Msunduzi plans to maintain and secure Bisley reserve after animal deaths

2019-10-22 13:03
Bakkies were laden with snares and rubbish collected by volunteers in the Bisley Nature Reserve on Sunday. PHOTO: Gail Gayer

Bakkies were laden with snares and rubbish collected by volunteers in the Bisley Nature Reserve on Sunday. PHOTO: Gail Gayer

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The Msunduzi Municipality says it has plans to maintain and secure the Bisley Nature Reserve following the grisly discovery of the carcasses of 19 animals in the past week.

The wildlife is believed to have been killed by snares and starvation, and conditions at the reserve have created huge concern among residents, hundreds of whom joined in a clean-up of the reserve on Sunday.

Msunduzi’s spokesperson Thobeka Mafumbatha said yesterday they were still waiting for autopsy results from a wildlife veterinarian on possible causes of death of the game. The municipality has previously stated the animals “died naturally and because of snares”.

Mafumbatha said the City was aware that the number of giraffe in the reserve exceeds the carrying capacity (of a reserve that size).

She said they would bring in capture teams to translocate excess giraffes and return other animals from outside the reserve back into the property.

On Sunday, the Friends of Bisley Nature Reserve organised hundreds of people who volunteered to de-snare and clean the reserve. During the campaign, two squatter camps — consisting of mattresses, clothing, pots and food — were discovered on the premises. Many suspected that these camps belonged to poachers.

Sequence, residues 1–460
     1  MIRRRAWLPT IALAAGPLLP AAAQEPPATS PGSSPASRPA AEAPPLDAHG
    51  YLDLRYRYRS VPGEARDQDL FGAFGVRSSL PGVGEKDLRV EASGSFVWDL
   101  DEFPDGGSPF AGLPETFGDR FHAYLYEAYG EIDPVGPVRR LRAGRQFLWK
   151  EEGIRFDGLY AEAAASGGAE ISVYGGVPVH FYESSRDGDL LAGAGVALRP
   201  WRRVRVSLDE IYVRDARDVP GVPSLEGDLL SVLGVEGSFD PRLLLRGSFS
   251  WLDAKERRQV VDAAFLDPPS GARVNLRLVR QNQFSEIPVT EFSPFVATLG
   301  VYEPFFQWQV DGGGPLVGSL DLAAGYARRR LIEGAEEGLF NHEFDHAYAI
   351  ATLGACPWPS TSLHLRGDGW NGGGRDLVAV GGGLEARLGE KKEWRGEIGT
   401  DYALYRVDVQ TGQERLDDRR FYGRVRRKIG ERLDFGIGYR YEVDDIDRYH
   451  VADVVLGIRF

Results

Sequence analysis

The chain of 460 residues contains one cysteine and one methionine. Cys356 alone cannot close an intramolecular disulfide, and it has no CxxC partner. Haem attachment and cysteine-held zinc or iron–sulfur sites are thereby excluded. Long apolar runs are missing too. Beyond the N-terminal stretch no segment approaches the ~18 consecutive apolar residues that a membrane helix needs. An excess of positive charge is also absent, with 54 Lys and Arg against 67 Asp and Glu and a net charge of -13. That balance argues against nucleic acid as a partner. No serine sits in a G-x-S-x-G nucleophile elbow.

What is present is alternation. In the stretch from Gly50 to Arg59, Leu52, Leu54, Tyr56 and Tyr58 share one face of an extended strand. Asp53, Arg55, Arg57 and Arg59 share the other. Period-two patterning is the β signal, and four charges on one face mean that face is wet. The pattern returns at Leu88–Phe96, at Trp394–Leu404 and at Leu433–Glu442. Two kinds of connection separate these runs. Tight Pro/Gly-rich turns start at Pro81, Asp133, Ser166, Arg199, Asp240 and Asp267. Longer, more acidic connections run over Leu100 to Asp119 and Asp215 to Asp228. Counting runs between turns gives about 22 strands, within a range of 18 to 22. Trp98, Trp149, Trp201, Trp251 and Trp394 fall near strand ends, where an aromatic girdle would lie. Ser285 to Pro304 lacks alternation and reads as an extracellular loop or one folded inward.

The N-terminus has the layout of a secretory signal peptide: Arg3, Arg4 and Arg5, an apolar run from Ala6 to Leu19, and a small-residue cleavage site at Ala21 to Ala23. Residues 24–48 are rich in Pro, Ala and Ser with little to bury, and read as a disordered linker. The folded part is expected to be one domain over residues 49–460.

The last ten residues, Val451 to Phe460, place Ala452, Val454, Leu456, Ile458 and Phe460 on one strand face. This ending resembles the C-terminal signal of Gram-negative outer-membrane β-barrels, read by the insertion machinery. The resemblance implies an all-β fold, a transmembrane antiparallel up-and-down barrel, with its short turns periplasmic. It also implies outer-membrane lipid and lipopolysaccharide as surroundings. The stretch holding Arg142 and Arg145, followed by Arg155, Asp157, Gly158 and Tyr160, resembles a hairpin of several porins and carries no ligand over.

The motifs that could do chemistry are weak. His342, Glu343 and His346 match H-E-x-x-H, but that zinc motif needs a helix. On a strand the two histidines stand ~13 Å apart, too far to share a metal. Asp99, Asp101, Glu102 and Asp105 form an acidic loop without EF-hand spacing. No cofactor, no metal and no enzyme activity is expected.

Mafumbatha said the City’s field rangers were training more people to increase the number of rangers, which will help tighten the security within the reserve.

She also said the municipality is working on a budget to re-fence the reserve.

“Supplementary feed has been ordered for game species. We are also having teams work on clearing alien plants and the bush encroachment within the reserve.”

Musa Mntambo, spokesperson for Ezemvelo KwaZulu-Natal Wildlife, said they had been in contact with Msunduzi before the discovery of the dead animals and again after the incident. “... Unfortunately the matters discussed are confidential and cannot be disclosed to the media,” said Mntambo.

Peter West, a member of the Friends of Bisley Nature Reserve (FOBR), expressed his gratitude to all the volunteers who joined them at the reserve on Sunday.

“Mahatma Gandhi once said: ‘The greatness of a nation is judged by how its animals are treated’. Looking back at Sunday, we have the makings of a great nation.

“To all of you, whether you were there or just passed the message on, without you these animals could not be saved.

“Bisley Nature Reserve is a gem right in our city which will enable us to illustrate to our children what makes us uniquely African. Please keep up the momentum. We as Friends of Bisley Nature Reserve promise to put pressure on the municipality until it is properly managed. For the money donated for feed and the personal effort, we thank and salute you,” said West.

Pietermaritzburg police spokesperson Sergeant Mthokozisi Ngobese said that although police were called to the reserve on Sunday after reports that a suspected poacher pointed a hunting rifle at volunteers, no arrests had been made and no case was opened.

Read more on:    pietermaritzburg

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